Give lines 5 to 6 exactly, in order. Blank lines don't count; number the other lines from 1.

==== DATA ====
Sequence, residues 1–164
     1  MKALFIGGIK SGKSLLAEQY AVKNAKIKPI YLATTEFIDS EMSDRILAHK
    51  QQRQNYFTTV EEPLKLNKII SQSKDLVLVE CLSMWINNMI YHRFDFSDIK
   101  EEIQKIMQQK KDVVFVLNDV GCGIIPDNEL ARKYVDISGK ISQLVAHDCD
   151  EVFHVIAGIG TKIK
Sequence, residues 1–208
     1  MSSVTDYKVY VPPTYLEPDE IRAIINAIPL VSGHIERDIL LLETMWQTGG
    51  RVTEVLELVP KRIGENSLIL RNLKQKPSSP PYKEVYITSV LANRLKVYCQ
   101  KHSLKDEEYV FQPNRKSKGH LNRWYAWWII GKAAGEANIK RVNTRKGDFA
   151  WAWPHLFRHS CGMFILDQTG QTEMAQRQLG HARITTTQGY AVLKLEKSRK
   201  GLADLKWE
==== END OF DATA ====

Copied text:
   151  EVFHVIAGIG TKIK
Sequence, residues 1–208